Fr. Goran Jovicic
After His resurrection, the Risen Lord did not leave His disciples alone but assured them, that if they love Him and keep His commandments, He will send them the Holy Spirit as their Advocate, Counselor and Helper. (See John 14,: 15-16) Jesus asks the Father to give us His Spirit, to dwell with us and keep us united in the divine life He shares with the Father. The Holy Spirit, the Spirit of the Father and the Son, rules, sanctifies and guides us in the way of truth, wisdom, and goodness through all changes and adversities we face in this life.
We see the promised gift of the Holy Spirit conferred in today's First Reading. The scene from the Acts of the Apostles apparently portrays the Confirmation rite of the early Church. Phillip, one of the first deacons (See Acts 6:5) proclaims the Gospel in the non-Jewish city of Samaria. The Samaritans accept the Word of God (see Acts 17:11 and 1 Thessalonians 2:13) and are baptized. As the next step, the Apostles are sending their representatives, Peter and John, to pray and lay hands on the newly baptized, that they might receive the Holy Spirit. This is the origin of our Sacrament of Holy Confirmation (Acts 19:5-6) by which the grace of Baptism is completed and believers are sealed with the Holy Spirit. As long as we love God and keep His commandments, we remain in this sanctifying grace. The gift of the Holy Spirit, the Spirit of truth, also strengthens us to bear witness to our salvation and to the Truth. Christ our Divine Master points out however that the world is not able to accept the Spirit of truth, because it neither sees or knows Him. Only those who love Him and observe His commandments can share the divine life with Christ in the Holy Spirit.
My dear brothers and sisters! As baptized and confirmed members of the Holy Church, we are called to love God, observe His commandments and remain always temples of the Holy Spirit. The Sacrament of Confession is Christ's extraordinary gift of mercy for us, since it is the regenerator of the sanctifying grace in our hearts. May the Lord preserve this sanctifying grace in you and help you to withstand the spirit of this world and bear witness to the Truth, which is Jesus Christ, our Lord. Amen.
Mother's Day is a great opportunity to remember and honor our mothers for the gift of life and for their unselfish love and care. On this day we want to express our love and gratitude to all mothers in our Archbishop Riordan High School community, who are very important pillars in their families.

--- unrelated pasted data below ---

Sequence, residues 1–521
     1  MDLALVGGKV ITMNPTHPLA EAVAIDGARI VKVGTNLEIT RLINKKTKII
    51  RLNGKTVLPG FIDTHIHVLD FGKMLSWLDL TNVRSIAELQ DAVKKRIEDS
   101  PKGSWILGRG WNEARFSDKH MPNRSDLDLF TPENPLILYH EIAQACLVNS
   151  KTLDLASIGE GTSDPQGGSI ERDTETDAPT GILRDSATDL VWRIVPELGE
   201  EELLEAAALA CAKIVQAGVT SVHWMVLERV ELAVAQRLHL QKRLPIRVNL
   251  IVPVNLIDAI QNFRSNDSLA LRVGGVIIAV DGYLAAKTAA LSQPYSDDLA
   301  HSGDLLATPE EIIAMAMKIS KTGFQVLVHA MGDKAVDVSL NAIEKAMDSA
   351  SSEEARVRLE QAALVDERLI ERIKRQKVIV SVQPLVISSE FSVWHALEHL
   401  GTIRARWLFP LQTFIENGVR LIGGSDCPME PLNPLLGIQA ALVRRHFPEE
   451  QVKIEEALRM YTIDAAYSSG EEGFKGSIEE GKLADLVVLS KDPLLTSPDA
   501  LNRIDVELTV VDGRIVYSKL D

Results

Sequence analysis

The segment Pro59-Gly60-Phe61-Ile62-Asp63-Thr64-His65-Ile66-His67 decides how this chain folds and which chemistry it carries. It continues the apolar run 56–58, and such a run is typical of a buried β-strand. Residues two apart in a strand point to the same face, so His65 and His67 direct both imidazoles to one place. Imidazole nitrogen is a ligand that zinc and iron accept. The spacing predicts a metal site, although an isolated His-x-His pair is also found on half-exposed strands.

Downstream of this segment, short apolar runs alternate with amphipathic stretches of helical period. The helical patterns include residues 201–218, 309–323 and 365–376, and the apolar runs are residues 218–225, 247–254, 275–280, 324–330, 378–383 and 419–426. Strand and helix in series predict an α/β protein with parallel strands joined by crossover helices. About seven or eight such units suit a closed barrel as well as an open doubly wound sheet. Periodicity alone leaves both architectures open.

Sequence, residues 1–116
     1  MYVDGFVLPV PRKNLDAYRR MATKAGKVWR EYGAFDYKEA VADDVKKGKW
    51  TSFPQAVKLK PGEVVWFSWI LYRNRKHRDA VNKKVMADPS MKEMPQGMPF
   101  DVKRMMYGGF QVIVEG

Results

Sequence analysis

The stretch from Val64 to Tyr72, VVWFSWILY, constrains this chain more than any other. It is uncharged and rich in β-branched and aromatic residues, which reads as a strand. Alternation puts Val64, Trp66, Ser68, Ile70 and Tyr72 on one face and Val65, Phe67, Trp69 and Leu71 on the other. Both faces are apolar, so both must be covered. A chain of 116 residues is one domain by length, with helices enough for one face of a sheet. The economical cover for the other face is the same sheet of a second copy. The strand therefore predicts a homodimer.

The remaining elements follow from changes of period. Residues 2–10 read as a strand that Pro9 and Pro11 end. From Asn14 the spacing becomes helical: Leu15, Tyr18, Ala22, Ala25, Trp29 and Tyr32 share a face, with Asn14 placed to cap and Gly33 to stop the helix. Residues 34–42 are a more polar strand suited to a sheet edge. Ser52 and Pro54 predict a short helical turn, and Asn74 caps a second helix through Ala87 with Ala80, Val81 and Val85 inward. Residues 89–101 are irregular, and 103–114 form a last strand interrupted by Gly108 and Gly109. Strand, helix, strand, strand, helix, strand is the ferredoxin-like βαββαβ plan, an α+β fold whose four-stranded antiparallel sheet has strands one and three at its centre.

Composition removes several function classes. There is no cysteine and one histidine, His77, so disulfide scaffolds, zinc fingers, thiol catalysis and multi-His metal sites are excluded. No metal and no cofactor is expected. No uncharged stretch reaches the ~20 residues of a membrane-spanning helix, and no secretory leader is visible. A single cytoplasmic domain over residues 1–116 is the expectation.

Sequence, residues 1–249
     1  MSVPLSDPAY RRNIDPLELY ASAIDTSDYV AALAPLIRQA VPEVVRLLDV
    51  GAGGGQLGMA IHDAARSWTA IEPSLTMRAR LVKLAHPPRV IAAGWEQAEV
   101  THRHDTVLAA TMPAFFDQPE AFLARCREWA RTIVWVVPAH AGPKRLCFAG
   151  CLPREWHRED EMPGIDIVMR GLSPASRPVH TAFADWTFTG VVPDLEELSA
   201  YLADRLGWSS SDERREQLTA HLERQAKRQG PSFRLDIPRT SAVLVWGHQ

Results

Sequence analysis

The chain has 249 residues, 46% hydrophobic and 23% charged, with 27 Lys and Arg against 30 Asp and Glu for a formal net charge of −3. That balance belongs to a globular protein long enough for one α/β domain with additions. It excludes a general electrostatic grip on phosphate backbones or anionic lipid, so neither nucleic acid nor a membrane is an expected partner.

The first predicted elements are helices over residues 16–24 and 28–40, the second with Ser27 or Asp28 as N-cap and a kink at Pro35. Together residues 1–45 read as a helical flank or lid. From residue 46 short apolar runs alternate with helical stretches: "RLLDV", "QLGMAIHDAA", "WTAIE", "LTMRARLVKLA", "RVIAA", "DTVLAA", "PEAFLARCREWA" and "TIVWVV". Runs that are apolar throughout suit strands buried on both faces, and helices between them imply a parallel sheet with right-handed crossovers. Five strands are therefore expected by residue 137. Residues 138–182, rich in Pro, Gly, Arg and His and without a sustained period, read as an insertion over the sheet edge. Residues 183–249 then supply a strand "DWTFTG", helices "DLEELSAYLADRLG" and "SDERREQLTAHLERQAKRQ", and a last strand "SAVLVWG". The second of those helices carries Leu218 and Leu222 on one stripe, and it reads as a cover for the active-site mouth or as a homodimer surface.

In the fullness of time, God's infinite wisdom chose that His beloved Son Jesus would be born by the Virgin Mary, who we rightly call Mother of God (ancient Greek=Theotokos). The Mother of God, became the Mother of the Church and our beloved Mother. In this way God sanctified Mary's motherhood and gave her as a model to follow in her obedience to God, in her humbleness and loving care for her Child, who became Savior of the world.
The Liturgy of the Easter season invites us to reflect on the Acts of the Apostles, in which St. Luke describes the birth and infancy period of the early Christian Church and her spreading like wildfire and reaching the "ends of the earth." The main theme of today's passage from the Acts of the Apostles is the ordination of deacons in the Church of Jerusalem, which at that time consisted of Hebrews (the Aramaic-speaking Jewish Christians) and of Hellenists (Greak-speaking Jewish Christians). Among them, there were many widows, who had settled in Jerusalem out of piety but lived in poverty conditions. Since the Apostles were devoted fully to the proclamation of the Good News of the Gospel and to the Liturgy, they have chosen deacons (diakonia, which meant service to the table), who would help them to take care of the widows and the poor in general. Deacons' main characteristics would be: good reputation, full of the Spirit and wisdom. (Acts 6:3) Here should we note, that the deacons in the beginning did not have any liturgical function but rather served the works of charity; with the time they were included in the Liturgy of the Church to serve the "table of the Lord."
On the other side, the passage of today's Gospel according to John falls within the last discourse Jesus had with disciples before his passion and resurrection. After Judas left, Peter promised that he would die with Jesus if necessary. Jesus responded with a prophecy about Peter's apostasy (see John 13:36-38). Jesus was aware of the disciples' anxiety and lack of maturity. Having this in mind, Jesus is using the "last" opportunity before his passion and is addressing them with "today" passage that He is going to prepare rooms for his disciples and followers in his kingdom.